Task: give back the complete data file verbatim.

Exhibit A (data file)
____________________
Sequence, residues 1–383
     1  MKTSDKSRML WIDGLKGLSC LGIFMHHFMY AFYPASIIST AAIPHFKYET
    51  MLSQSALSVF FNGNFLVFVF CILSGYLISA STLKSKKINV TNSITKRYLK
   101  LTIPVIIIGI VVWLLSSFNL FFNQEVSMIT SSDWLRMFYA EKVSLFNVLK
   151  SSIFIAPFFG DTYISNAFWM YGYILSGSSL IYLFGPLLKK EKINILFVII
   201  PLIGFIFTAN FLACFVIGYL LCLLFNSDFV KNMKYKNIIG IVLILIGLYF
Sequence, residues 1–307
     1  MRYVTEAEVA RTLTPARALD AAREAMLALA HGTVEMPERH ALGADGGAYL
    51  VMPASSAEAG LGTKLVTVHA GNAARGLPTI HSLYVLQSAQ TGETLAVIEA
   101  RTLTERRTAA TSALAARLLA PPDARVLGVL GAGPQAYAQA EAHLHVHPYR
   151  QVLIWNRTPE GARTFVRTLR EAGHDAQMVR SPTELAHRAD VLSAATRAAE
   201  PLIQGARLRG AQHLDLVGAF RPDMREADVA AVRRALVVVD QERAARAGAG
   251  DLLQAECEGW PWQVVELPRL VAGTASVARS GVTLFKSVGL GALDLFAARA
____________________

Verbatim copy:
Sequence, residues 1–383
     1  MKTSDKSRML WIDGLKGLSC LGIFMHHFMY AFYPASIIST AAIPHFKYET
    51  MLSQSALSVF FNGNFLVFVF CILSGYLISA STLKSKKINV TNSITKRYLK
   101  LTIPVIIIGI VVWLLSSFNL FFNQEVSMIT SSDWLRMFYA EKVSLFNVLK
   151  SSIFIAPFFG DTYISNAFWM YGYILSGSSL IYLFGPLLKK EKINILFVII
   201  PLIGFIFTAN FLACFVIGYL LCLLFNSDFV KNMKYKNIIG IVLILIGLYF
Sequence, residues 1–307
     1  MRYVTEAEVA RTLTPARALD AAREAMLALA HGTVEMPERH ALGADGGAYL
    51  VMPASSAEAG LGTKLVTVHA GNAARGLPTI HSLYVLQSAQ TGETLAVIEA
   101  RTLTERRTAA TSALAARLLA PPDARVLGVL GAGPQAYAQA EAHLHVHPYR
   151  QVLIWNRTPE GARTFVRTLR EAGHDAQMVR SPTELAHRAD VLSAATRAAE
   201  PLIQGARLRG AQHLDLVGAF RPDMREADVA AVRRALVVVD QERAARAGAG
   251  DLLQAECEGW PWQVVELPRL VAGTASVARS GVTLFKSVGL GALDLFAARA